Posts tagged #quilt setting tutorial

Sew Let's Quilt Along: Final Quilt Setting

I can’t believe Sew Let’s Quilt Along is coming to an end! We just released block 13, so that means it’s time to share our setting ideas for the final quilt. But before I get to that, do you have all of the blocks? If you’re missing any of them, go get them before it’s too late! They’re only free until the quilt along ends on September 24, 2019.

I’m really thrilled to be able to share my finished quilt top with you. I know that many people struggled to get their blocks to all come out the same size, so I’ve designed a setting to account for that. All of the blocks get framed and trimmed to size. Even the sashing and cornerstones are designed to be trimmed down. There aren’t even any points to match between the sashing triangles.

If you’re looking for a nice sized quilt to snuggle up with or put on a bed, this is the setting for you. And if you had any trouble at all getting your blocks to come out the right size, this setting will make it all ok. I hope you’ll give it a try.

Get the Pattern

Just like the blocks in the quilt along, this pattern is only guaranteed to be free until September 24, 2019. So if you’re thinking about using this setting, make sure you download the pattern before then.

Tips For Success

Staying Organized

I really like to keep my pieces organized on a baking sheet. It makes it so easy to move around my sewing room without losing anything. For easy counting, I stacked all of my pieces in groups of 10 or 20. It also helps to label the stacks with sticky office labels.

Make Flying Geese Your Way

I didn’t want anyone to need special tools to make this quilt, so I wrote the pattern to use stitch-and-flip corners for the flying geese. But there are a lot of flying geese in the quilt, so if you prefer a different method, don’t hesitate to use it! Personally, I used my Easy Angle Ruler and Companion Angle Ruler to cut all of my geese pieces. You should do whatever works best for you.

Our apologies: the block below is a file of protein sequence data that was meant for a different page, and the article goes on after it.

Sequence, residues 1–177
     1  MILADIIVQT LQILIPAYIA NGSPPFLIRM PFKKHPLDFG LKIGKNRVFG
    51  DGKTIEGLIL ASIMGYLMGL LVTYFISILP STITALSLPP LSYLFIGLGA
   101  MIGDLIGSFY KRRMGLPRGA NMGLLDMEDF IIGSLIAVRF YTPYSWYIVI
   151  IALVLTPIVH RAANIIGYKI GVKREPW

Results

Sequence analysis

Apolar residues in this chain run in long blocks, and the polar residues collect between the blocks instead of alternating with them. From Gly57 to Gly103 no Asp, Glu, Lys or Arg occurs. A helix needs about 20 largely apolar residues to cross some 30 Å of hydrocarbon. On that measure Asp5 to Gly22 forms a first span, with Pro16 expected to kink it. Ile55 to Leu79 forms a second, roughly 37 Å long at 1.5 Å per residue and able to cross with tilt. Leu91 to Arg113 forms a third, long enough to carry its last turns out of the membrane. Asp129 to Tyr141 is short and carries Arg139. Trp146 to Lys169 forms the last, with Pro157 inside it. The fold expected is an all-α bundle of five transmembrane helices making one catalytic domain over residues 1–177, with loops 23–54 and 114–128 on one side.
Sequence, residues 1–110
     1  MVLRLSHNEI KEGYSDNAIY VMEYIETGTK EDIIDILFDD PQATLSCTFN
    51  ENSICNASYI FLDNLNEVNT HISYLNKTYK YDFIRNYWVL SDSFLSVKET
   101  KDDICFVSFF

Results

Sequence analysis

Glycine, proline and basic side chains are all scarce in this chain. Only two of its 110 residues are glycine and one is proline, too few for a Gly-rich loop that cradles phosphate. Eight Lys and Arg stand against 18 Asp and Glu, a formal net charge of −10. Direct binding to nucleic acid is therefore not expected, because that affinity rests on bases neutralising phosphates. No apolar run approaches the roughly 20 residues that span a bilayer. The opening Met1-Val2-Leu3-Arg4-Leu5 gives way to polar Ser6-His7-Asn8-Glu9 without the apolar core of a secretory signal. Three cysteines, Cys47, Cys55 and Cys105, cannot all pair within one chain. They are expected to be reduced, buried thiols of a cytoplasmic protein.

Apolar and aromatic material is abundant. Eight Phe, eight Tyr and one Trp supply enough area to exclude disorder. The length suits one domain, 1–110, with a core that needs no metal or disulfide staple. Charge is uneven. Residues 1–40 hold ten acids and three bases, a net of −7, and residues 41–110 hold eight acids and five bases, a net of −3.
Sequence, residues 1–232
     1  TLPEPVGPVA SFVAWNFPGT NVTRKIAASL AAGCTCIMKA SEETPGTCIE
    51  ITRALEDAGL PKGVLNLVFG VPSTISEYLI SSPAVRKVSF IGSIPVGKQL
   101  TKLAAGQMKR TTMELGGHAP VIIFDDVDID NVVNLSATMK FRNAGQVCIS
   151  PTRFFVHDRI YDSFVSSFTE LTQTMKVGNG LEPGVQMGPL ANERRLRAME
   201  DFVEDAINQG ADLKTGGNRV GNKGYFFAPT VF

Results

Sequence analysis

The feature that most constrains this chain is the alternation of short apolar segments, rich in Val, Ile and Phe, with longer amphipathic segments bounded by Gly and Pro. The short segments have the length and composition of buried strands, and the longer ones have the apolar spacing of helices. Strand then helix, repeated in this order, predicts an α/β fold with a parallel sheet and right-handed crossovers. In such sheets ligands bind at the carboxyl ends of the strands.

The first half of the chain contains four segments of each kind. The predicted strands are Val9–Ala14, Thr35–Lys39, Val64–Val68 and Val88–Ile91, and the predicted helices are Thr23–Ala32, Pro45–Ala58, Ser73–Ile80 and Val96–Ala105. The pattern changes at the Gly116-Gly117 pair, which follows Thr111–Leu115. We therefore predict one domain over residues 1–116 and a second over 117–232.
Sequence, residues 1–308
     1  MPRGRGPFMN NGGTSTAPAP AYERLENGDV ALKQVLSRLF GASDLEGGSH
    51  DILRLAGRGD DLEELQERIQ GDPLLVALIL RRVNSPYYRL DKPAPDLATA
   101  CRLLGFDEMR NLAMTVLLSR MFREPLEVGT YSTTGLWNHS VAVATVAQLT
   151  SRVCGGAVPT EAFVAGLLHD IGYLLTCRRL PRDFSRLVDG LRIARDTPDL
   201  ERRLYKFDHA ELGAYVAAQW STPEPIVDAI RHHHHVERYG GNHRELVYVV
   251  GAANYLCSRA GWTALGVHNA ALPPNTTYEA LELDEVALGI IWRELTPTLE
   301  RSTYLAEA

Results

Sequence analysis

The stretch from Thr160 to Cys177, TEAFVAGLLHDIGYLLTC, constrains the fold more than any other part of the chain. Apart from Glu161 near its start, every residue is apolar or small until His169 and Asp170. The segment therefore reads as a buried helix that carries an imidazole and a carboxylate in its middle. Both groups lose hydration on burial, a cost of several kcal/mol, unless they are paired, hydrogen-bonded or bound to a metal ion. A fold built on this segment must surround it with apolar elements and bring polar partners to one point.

Trimming Half Square Triangles

To trim Half Square Triangles (HSTs), line up the 45° line on your ruler with the diagonal seam in the HST. Trim the first two sides (making sure to leave enough space to trim the other two sides next).

Rotate the block 180°. Once again, line up the 45° line with the center seam. This time, you also want to line up the edges with the 2” lines on your ruler. Trim the remaining two sides. Now you have a perfectly trimmed half square triangle!

Spinning Seams on a Pinwheel

Spinning your seams will make the center of a pinwheel lay so much flatter! There are 8 different fabrics coming together in that point, so anything you can do to help the bulk will make a big difference. It’s easier to see in a video than a picture, so I recorded a tutorial for you.

Stitch and Flip Corners

My favorite tool for drawing the diagonal lines is a Sewline ceramic pencil. They come in several colors, but I just bought one pencil and change out the lead as needed.

The secret to making a successful stitch and flip corner is to stitch just outside of the drawn line. The line you drew isn't the stitching line - it's actually where the fabric needs to fold! By stitching just outside of the line, you give yourself the extra fabric you need to reach all the way to the corner when you flip it over. Just to be safe, I always test to make sure my corner is covered before I cut away the excess fabric from the back.

Make Your Own Non-Slip Ruler

The best way to instantly turn any regular ruler into a non-slip ruler is with clear bumpy bandage tape. Just put the tape on the back of your ruler, and you’re good to go! Since it’s clear, you can still see what you’re cutting. And if you don’t want to leave it on the ruler, it peels right back off without any trouble.

Trimming the Sashing

It’s so nice to be able to trim everything to size! It makes such a difference in how the final quilt goes together.